While the sport has its origins in the banked-track roller skating marathons of the 1930s, Leo Seltzer and Damon Runyon are credited with the basic evolution of the sport to its initial competitive form. Professional Roller Derby quickly became popular; in 1940 more than 5 million spectators watched bouts in 50 US cities. In the ensuing decades, however, it predominantly became a form of sports entertainment where the theatrical elements overshadowed the athleticism. This gratuitous showmanship largely ended with the sport’s contemporary grassroots revival in the first decade of the 21st century. Although some sports’ entertainment qualities such as player pseudonyms and colourful uniforms were retained, scripted bouts with predetermined winners were abandoned.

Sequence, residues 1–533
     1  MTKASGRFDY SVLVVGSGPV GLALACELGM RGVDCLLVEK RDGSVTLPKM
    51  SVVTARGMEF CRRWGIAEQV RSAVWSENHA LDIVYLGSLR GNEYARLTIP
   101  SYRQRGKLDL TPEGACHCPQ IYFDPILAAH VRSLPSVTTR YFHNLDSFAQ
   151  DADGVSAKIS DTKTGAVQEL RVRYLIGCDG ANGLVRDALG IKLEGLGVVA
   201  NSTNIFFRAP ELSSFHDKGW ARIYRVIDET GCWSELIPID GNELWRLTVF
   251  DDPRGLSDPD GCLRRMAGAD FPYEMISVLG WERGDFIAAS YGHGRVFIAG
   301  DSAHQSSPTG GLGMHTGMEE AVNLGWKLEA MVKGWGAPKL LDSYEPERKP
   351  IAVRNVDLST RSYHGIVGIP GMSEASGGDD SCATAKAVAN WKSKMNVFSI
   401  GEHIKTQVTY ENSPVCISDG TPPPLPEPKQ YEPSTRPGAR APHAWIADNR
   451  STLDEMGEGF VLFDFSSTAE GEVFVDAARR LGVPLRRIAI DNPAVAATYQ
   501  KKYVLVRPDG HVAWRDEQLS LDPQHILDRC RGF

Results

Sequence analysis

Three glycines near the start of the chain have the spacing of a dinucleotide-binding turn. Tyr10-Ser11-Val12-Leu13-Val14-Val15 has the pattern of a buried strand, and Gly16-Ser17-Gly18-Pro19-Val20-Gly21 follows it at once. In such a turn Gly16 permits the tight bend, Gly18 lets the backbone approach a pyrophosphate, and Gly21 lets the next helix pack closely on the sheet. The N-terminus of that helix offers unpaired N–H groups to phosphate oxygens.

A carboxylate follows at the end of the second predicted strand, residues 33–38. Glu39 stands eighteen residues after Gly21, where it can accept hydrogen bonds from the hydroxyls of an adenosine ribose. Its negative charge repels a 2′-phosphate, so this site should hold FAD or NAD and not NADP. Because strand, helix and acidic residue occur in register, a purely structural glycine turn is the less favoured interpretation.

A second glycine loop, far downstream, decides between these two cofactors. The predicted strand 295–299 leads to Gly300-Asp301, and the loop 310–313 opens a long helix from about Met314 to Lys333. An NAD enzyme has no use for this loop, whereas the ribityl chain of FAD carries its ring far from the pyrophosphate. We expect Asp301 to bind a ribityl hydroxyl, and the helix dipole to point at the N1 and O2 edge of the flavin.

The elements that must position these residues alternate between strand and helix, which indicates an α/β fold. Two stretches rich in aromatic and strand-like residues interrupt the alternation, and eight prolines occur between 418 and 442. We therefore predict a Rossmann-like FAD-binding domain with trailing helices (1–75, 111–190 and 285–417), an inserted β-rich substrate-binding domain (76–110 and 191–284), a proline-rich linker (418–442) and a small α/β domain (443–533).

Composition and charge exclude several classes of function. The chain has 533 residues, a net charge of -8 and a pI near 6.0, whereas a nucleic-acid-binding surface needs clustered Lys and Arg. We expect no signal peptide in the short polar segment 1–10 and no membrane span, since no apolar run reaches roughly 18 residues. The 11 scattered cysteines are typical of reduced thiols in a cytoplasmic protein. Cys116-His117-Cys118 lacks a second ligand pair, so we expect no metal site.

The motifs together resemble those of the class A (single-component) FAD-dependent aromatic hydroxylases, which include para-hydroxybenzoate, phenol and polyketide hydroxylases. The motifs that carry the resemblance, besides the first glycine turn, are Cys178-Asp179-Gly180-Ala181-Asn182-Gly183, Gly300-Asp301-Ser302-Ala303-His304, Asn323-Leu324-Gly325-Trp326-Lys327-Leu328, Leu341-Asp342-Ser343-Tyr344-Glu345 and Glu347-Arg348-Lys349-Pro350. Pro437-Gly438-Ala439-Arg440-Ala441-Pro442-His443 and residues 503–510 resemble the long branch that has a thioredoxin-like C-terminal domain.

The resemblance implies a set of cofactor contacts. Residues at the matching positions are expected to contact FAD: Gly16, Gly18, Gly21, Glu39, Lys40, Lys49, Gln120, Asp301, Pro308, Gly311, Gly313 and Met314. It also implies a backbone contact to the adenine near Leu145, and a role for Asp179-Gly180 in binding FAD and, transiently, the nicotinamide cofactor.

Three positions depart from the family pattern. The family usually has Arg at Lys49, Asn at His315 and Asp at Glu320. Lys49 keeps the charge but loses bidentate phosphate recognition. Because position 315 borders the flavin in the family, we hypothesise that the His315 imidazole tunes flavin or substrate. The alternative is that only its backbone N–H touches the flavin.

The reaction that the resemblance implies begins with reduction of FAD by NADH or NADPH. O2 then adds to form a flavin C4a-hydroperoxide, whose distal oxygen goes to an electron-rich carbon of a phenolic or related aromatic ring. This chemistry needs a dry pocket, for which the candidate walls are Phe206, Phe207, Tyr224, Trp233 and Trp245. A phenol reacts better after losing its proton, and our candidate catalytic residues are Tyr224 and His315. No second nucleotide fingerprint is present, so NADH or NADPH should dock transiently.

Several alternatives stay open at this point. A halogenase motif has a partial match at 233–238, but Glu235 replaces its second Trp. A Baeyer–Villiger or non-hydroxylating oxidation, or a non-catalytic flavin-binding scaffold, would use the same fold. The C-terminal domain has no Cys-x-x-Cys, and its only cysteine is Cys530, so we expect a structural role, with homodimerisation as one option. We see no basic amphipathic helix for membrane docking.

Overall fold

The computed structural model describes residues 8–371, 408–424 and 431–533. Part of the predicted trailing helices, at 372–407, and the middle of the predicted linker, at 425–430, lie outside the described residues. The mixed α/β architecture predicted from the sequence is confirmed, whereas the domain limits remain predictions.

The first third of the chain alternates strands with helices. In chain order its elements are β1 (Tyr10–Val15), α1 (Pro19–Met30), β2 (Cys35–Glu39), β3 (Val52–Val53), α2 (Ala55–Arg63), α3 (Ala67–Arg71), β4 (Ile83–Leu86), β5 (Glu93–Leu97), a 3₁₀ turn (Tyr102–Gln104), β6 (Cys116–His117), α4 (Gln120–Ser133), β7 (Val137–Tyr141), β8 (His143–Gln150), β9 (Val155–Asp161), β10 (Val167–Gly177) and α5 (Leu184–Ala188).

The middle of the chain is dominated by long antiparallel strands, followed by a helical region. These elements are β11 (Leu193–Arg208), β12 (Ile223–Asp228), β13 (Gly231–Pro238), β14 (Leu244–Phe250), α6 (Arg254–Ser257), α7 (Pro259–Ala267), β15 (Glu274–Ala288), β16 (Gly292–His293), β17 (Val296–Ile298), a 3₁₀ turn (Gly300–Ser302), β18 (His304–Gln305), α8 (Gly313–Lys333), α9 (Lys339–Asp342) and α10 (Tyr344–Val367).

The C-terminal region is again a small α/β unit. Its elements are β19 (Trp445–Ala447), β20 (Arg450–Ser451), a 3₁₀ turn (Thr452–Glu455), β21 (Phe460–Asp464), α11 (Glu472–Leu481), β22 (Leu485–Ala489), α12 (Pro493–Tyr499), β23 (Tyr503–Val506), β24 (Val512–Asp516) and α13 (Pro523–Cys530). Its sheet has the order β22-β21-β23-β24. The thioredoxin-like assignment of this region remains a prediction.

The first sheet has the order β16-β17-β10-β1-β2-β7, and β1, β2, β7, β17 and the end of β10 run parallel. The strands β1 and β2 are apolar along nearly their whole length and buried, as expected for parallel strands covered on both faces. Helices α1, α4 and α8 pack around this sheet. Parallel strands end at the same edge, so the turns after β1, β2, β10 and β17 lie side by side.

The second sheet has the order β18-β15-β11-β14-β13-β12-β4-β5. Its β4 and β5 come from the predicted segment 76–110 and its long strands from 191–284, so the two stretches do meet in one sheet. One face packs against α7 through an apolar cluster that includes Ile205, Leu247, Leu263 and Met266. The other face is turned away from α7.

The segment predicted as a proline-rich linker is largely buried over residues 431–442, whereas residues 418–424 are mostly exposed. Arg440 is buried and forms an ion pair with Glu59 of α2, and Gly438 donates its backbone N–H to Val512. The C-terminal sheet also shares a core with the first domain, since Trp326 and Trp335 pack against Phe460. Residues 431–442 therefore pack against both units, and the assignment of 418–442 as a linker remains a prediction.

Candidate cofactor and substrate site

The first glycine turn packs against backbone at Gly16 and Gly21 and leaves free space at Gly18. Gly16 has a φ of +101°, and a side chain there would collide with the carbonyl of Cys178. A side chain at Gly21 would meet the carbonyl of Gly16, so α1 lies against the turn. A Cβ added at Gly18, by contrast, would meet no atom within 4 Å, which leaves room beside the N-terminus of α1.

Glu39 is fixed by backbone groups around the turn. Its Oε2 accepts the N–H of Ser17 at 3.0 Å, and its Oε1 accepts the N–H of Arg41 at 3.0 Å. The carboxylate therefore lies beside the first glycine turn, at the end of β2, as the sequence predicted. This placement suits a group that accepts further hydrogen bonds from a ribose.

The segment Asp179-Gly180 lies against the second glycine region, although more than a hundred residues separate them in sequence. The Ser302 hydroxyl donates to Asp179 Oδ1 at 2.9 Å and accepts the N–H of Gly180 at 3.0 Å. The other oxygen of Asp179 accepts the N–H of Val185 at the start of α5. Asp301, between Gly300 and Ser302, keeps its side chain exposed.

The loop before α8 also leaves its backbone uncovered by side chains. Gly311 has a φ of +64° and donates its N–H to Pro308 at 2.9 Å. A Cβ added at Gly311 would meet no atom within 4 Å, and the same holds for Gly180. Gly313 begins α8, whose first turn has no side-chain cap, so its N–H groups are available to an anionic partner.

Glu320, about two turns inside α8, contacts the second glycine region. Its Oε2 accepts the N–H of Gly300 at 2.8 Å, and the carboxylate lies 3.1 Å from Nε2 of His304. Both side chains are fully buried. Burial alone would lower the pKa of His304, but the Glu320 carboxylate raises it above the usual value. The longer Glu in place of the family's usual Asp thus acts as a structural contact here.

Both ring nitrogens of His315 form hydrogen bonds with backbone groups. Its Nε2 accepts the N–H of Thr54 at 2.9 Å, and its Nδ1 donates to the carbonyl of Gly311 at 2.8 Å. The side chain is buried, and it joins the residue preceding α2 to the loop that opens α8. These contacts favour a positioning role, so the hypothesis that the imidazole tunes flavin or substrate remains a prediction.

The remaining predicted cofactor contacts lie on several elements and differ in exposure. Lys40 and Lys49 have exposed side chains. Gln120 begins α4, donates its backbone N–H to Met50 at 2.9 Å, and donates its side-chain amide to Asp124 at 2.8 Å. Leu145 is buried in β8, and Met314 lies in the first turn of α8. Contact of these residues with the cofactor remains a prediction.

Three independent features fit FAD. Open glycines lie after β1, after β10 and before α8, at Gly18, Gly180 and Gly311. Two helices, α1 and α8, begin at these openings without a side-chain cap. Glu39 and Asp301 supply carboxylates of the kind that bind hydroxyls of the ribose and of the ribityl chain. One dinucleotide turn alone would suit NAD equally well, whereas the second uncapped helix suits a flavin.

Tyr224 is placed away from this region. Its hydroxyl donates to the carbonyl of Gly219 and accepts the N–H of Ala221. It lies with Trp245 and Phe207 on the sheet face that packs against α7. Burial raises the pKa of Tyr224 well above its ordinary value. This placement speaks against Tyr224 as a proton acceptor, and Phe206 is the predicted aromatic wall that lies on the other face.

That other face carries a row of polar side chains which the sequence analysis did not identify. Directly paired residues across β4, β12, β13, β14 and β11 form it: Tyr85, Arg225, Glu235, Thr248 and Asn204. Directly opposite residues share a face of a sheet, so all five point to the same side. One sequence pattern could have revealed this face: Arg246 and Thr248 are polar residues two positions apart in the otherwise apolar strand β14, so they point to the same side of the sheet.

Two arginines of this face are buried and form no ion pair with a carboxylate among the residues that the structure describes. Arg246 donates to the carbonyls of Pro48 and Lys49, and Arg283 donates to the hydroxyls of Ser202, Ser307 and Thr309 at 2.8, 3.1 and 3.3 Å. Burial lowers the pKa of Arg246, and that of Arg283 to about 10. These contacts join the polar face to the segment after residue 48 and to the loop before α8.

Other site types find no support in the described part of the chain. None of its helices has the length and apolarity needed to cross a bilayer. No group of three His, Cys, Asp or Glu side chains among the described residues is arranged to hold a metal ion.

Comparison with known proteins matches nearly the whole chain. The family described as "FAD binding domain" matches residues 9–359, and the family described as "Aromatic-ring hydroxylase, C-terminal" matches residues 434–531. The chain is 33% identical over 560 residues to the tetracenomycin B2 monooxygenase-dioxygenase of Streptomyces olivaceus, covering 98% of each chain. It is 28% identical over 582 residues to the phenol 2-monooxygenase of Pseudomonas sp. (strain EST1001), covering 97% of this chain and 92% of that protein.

Modern Roller Derby is an international sport dominated by all-female amateur teams, in addition to a growing number of male, mixed gender, and junior Roller Derby teams, and is as a roller sport under consideration for the 2020 Olympics. Most modern leagues share a strong ‘do it yourself’ ethic which uniquely combines athleticism and elements from punk, camp and third-wave feminist aesthetics.
For more information about the origins of this fast paced sport, check out the Wikipedia entry.